agricultural products, sales of which are permitted by U.S. law, are negotiated with
the Cuban Ministry of Foreign Trade’s Empresa Comercializadora de Alimentos
(Alimport), not with private Cubans or foreign investors in Cuba.
In terms of intellectual property, although Cuba theoretically issues patents
to individual inventors, the patent holder has a binding “social obligation” to
license/transfer the patent to the state in order to “benefit” society.
D.
Constraints Upon Entrepreneurship
The state is the largest employer in Cuba. According to Cuban government
statistics, about 75 percent of the labor force is employed by the state. The actual
figure may be more than 90 percent, with some 150,000 small farmers and another
108,000 “cuentapropistas,” or holders of licenses for self-employment, out of a
total workforce of about 4.4 million people.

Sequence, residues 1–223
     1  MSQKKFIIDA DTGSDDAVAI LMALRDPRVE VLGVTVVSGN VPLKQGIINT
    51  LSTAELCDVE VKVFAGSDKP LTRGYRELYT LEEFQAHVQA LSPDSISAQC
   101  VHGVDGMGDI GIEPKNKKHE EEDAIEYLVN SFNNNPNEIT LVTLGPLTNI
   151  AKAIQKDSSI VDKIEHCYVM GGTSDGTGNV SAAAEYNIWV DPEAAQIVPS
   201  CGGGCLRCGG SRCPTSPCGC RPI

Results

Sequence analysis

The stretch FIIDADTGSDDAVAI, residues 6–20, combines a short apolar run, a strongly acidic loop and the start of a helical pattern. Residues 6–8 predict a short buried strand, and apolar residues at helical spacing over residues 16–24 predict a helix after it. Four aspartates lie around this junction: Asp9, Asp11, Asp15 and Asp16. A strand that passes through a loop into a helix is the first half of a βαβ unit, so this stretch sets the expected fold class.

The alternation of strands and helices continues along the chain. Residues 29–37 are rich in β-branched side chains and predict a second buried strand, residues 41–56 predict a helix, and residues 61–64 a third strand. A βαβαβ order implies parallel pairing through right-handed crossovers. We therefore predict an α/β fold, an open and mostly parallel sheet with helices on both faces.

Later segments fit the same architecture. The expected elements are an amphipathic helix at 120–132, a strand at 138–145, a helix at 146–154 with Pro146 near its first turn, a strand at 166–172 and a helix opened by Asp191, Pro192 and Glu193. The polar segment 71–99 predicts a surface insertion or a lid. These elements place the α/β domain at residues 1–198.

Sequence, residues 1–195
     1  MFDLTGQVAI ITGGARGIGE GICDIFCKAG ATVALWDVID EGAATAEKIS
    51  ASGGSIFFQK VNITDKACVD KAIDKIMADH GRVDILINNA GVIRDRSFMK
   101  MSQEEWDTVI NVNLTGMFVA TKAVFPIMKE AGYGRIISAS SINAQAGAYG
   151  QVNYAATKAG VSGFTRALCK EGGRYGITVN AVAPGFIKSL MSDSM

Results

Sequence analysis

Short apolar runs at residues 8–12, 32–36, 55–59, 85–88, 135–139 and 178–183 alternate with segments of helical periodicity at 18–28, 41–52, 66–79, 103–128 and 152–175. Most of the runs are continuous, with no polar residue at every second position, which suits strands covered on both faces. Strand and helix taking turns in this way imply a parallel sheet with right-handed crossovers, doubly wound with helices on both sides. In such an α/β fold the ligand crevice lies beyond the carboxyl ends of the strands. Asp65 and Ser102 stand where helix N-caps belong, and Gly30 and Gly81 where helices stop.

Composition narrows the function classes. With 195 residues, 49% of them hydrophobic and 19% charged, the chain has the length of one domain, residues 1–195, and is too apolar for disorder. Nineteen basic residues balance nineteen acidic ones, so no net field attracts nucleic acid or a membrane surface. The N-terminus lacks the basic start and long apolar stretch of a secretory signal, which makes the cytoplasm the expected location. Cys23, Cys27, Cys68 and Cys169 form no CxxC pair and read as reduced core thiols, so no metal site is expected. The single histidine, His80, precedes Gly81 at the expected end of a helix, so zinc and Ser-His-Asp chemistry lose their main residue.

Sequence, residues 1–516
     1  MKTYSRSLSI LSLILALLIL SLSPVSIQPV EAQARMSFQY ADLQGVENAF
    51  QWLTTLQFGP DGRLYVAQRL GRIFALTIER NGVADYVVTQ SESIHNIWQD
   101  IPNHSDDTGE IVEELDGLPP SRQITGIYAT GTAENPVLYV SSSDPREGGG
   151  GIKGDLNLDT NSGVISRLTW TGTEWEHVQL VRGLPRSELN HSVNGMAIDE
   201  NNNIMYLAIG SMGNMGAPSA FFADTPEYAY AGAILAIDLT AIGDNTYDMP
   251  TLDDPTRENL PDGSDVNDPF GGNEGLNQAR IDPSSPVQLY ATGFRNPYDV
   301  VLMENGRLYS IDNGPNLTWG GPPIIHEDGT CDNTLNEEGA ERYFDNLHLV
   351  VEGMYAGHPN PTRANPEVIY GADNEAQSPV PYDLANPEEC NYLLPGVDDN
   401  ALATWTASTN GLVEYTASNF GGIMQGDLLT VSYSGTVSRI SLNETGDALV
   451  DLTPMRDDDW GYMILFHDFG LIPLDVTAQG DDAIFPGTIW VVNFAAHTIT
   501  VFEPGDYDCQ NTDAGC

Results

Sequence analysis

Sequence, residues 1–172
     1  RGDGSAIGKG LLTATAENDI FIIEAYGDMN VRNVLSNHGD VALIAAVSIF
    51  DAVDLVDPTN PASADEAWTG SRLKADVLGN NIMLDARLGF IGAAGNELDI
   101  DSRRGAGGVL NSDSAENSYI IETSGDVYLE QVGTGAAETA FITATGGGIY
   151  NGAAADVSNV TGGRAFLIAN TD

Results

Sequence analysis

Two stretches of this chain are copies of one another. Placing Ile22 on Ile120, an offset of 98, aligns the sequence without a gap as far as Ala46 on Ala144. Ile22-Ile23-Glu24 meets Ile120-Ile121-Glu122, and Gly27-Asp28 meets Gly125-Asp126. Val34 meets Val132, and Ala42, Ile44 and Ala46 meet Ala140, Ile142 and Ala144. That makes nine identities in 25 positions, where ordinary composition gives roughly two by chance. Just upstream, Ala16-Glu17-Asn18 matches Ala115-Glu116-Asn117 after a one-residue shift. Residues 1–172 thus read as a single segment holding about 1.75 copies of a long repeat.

Today the state rarely grants new licenses for lawful self-employment.
Moreover, existing self-employed workers are subjected to constant harassment
209
and Cuba has revoked many existing licenses or failed to renew them. In the
agricultural sector, so-called “violators” may be subjected to detention, heavy fines
of up to 1,500 Cuban pesos, and/or the confiscation of their goods. Only the selfemployed pay personal income taxes. The Oficina Nacional de Atencion
Tributaria (ONAT), Cuba’s internal revenue agency, is in charge of
repressing/curtailing lawful self-employment and does so through onerous tax
practices.
Finally, the self-employed are specifically prohibited from forming
“cooperatives, associations or any type of collective production organization.” As